Life and investing lessons from picking up a new habit

I hate running. Always have. This is partly to do with having the lung-capacity of an asthmatic squirrel from being desk-bound for a large part of my day. But to be fair to myself, I’ve don’t mind chasing after a ball on a cricket or soccer field, or the frenetic movement on a badminton or tennis court. But chugging along, stride after stride, legs pumping, on a treadmill or on a track, lungs trying to draw in more air than your heart rate allows, with no specific end except a particular distance or a time limit was less preferred to me than say trying to book a train ticket on the IRCTC website.

A few months ago, with trouser waists threatening to go up one more size, and the last memory of a time I played any sport fading, I decided to start, walking. Walking because I assumed my long-standing abhorrence of running would be too difficult to surmount. Knowing that I didn’t do well with “moving without an agenda”, I turned to technology for help. There are plenty of running apps like runkeeper that help track everything from distance, route to elevation. There’s even an app called rockmyrun that plays uninterrupted music that matches the music’s tempo to your speed. Over time, I graduated from the brisk walk to a ponderous run to a decent clip for atleast part of the time. No, this is not one of those inspirational stories of how I went to running an ultramarathon or even a half marathon, I’d die of boredom running that long. However, I noticed a few things that seem to apply to most things in life that are worth doing, including investing.

The Calm Investor | Investing lessons from a new habit

1. Half-begun is well done

When I first decided to try this out, I didn’t don snazzy running gear, strap on fancy running shoes and go bounding into the sunset. I decided to try walking around my apartment complex. No “running gear” just regular hang around clothes, flip flops for the first few days. To see how it felt, whether this was something I could get myself to do with some regularity. Once I’d set a decent walking pace, I felt the need for sneakers and a need to test myself by upping my pace.

Most habits worth instilling, are similar. Trying to do it all at once will seem intimidating and likely to be discouraging. If you’ve never been an investor, but have felt the need to develop a habit, don’t open up a full-service trading account and start buying stocks left, right and center with your savings. Instead, dip your toe in by earmarking a nominal monthly amount and deploy it regularly into a broad-market fund like I suggested here. Focus on just getting started, in some way.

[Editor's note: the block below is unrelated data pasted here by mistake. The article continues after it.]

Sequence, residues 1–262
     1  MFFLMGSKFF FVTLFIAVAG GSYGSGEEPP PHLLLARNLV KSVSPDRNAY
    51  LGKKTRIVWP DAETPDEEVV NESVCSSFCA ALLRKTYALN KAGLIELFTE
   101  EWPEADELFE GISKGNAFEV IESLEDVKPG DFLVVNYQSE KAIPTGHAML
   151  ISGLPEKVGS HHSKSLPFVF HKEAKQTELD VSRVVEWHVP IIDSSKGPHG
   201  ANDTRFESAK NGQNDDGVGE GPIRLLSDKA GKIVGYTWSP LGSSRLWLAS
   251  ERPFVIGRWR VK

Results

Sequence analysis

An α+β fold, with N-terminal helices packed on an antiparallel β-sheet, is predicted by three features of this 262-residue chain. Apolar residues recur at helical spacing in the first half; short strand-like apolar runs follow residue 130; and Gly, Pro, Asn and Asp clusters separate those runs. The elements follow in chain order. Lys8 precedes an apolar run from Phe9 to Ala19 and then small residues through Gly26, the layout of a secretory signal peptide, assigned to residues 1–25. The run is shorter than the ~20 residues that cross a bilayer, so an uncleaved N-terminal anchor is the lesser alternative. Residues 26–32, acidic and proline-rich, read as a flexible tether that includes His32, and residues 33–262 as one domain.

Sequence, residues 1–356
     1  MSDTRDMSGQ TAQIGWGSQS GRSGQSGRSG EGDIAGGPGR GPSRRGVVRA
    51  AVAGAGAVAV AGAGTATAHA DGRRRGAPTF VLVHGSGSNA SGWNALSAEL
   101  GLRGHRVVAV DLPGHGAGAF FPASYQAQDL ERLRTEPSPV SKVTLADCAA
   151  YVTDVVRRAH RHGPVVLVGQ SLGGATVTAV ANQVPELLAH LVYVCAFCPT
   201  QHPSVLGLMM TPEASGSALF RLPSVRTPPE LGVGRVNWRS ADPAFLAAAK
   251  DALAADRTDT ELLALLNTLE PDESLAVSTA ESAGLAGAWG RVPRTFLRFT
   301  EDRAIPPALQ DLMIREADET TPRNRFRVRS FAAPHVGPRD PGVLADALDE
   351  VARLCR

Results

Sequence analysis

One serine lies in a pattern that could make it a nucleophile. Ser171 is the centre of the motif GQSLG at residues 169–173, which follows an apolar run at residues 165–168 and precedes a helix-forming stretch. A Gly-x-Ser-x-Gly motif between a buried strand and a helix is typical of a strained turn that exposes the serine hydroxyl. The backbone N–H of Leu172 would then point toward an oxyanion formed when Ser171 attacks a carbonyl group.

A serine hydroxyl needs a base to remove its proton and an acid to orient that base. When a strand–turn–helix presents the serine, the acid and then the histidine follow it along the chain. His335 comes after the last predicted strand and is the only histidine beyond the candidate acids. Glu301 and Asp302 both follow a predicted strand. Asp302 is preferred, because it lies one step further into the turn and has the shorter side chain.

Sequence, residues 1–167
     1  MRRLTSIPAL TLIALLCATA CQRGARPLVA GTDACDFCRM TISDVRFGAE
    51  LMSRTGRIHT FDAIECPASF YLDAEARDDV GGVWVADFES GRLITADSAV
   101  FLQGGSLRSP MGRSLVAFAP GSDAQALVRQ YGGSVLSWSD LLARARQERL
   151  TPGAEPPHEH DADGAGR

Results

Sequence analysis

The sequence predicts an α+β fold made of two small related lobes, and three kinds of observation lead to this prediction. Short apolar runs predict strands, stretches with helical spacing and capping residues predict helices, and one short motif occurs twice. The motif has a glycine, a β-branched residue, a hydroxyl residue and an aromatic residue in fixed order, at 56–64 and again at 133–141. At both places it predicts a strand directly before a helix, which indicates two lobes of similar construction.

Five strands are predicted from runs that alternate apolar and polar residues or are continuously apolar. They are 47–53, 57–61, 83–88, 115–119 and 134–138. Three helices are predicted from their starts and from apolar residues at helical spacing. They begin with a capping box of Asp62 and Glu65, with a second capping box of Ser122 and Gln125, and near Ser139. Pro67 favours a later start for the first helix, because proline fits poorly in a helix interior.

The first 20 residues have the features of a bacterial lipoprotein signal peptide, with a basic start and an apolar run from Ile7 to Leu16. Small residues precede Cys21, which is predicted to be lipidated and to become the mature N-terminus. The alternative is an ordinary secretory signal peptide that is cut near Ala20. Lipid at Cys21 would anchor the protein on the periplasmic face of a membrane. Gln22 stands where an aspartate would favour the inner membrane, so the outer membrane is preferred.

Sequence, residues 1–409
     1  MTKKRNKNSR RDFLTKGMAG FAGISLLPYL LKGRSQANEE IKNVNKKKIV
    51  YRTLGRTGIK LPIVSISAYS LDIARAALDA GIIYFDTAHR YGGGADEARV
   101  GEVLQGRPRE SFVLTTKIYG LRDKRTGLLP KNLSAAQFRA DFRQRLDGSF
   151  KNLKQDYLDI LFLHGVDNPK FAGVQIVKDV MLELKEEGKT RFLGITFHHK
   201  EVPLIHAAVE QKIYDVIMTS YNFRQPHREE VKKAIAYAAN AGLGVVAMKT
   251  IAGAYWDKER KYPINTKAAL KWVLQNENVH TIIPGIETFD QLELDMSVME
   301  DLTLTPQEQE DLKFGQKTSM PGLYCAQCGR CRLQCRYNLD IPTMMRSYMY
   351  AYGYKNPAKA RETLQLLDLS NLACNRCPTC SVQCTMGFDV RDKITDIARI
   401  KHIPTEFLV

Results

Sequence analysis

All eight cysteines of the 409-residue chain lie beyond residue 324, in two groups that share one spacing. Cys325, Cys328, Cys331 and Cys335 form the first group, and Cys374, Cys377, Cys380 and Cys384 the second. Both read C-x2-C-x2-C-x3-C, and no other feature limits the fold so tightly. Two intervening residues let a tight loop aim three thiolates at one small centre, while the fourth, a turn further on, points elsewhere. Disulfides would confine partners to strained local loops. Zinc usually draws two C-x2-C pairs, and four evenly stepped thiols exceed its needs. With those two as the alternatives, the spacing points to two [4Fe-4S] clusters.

2. What gets measured, improves, in the beginning

I installed the running app to simply track my runs and to have some data to check on to see how I was doing. This is easy to do with almost any phone. In addition, the app has an audio alert that reads out, every five mins (or whatever frequency you choose), total time elapsed, distance covered and your average speed in mins / km. Having a readily available basis for how I was doing meant that I now kept track and quickened my run when the alert told me I was a good 45 secs off my average pace. Conversely, if I found myself struggling at a slower than usual pace, then I know to shorten my run and to take it easy that day.

When starting on any new activity, it helps to track how much of what input has an impact on the output. So, actively tracking the mileage your car delivers, will invariably give you some improvement from being conscious about it. In an investing context, following the scrolling ticker tape doesn’t count as measuring. Measurement here refers to knowing what rates of return your assets are delivering, so you know that the doubling in value in 8 years, of that apartment you bought isn’t actually that impressive considering it’s only a 9% pre-tax annual rate of return, also achievable through much safer Fixed Deposits.